Spicy Yoghurt | Last updated: 9 March 2019 | HTML5 game

Draw on the HTML5 canvas

Learn how to set-up a HTML5 file and draw on the HTML5 canvas. You'll learn about the canvas, how to get a reference and how to perform drawing operations. By the end of this tutorial you can create your own canvas graphics.

What is a HTML5 canvas?

When you want to draw your own image, animation or game with HTML5, you'll need a canvas. The <canvas> tag is new in HTML5. It's a container for graphics and you can draw on it by using JavaScript. You can draw paths and shapes, but also text and images.

It works like an <img> tag, only you can draw the image yourself instead of loading it from an external source. In fact, in modern browsers, you can even right click a canvas element and save the image. It's like a dynamic image.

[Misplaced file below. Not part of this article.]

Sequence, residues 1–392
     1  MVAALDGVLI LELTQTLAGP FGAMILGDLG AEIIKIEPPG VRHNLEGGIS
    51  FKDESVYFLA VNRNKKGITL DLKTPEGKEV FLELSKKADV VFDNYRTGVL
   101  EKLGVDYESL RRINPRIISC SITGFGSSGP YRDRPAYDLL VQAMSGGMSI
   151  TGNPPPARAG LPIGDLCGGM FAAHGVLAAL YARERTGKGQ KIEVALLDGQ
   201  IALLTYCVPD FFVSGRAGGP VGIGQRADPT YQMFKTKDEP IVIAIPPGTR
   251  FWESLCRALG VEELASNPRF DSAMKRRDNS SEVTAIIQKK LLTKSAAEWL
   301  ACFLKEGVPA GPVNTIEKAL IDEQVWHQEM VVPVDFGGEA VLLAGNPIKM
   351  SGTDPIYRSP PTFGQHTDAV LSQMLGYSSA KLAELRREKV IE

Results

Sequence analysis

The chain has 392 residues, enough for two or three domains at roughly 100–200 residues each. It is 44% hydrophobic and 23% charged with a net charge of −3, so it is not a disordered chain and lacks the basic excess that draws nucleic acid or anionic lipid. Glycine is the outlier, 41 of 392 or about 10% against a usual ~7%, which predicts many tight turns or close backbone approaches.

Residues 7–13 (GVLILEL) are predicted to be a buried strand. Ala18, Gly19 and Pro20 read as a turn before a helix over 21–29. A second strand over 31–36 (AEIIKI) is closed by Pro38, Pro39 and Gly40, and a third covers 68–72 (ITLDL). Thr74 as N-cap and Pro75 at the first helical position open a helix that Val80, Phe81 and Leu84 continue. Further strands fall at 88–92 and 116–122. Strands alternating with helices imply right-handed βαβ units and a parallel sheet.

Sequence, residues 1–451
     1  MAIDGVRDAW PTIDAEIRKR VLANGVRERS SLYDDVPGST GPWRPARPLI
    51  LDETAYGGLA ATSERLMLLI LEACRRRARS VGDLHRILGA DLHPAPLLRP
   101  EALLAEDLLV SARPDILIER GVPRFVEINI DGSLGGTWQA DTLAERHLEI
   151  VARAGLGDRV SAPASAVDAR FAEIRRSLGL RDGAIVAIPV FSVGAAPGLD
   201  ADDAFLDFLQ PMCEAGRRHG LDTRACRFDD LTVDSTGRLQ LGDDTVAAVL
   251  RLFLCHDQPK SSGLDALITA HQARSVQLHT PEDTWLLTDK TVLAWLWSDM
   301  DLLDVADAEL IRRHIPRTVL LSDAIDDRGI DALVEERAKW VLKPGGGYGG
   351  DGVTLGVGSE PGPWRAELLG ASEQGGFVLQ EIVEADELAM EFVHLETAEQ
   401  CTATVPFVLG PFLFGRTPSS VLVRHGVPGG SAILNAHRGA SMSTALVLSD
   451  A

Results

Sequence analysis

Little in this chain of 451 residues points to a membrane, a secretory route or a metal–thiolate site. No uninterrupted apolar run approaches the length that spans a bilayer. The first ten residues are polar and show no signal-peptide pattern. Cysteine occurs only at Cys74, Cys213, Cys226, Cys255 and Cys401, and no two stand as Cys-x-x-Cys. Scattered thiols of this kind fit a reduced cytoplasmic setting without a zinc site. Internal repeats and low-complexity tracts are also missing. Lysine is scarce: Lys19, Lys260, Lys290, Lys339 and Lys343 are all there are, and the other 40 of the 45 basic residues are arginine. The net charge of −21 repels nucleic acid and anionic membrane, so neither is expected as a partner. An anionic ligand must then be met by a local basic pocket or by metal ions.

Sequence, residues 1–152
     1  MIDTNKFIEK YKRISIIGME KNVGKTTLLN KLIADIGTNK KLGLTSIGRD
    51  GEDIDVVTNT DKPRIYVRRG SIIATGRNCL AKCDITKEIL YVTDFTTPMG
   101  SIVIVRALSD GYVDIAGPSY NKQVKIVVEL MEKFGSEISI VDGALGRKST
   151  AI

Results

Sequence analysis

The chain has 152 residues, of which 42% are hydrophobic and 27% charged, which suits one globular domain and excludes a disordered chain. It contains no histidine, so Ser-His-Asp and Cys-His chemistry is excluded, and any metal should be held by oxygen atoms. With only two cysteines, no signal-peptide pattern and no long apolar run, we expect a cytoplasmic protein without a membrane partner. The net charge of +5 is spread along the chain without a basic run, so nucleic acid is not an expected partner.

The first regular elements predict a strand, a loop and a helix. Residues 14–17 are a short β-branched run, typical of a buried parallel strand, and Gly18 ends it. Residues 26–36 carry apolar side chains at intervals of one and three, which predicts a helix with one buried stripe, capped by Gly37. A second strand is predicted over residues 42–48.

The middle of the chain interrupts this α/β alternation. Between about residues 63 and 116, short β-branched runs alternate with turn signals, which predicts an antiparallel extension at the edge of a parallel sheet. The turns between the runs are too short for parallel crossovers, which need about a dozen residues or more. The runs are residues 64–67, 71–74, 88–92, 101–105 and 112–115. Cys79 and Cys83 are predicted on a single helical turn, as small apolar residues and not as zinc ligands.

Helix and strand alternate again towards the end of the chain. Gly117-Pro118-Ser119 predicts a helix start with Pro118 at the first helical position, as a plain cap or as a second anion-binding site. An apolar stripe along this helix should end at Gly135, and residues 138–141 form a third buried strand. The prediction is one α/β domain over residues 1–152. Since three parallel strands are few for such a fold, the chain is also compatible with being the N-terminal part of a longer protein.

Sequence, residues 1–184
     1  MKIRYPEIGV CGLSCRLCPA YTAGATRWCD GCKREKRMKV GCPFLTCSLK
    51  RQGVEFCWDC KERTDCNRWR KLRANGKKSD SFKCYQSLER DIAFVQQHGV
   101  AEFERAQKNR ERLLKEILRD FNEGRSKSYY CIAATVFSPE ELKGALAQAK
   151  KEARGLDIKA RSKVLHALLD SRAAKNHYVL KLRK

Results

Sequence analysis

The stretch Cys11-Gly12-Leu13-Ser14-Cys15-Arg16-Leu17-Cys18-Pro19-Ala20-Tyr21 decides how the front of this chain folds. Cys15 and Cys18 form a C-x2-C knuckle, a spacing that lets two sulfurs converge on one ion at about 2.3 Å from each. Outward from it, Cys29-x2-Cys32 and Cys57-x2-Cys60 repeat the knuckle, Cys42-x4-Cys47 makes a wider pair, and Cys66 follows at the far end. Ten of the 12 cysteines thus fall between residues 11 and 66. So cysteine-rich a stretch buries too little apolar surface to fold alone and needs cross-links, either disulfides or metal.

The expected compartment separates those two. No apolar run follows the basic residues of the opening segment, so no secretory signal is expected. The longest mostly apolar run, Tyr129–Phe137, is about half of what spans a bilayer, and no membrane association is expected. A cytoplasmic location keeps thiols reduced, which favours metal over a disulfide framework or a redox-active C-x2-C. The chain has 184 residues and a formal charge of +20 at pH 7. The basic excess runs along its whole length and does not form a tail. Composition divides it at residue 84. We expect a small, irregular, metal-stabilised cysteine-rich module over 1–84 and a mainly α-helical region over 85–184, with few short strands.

The canvas will be the core of all the drawing operations for your game. It works like a drawing board. You can draw on it and clear it. Do it quickly enough and you will get the perception of motion. This is the basic principle of animations and games.

In this tutorial you'll learn about drawing a static image to the canvas. Check out the canvas animation tutorial if you already know how to do that and want to draw dynamically straight away.

Set-up a basic HTML5 file

Before you can draw any kind of graphics, you'll have to set-up a basic HTML5 file. You'll have to tell the browser how to interpret the file and what kind of content it contains. Let's get started with the code below:

                        <!DOCTYPE html>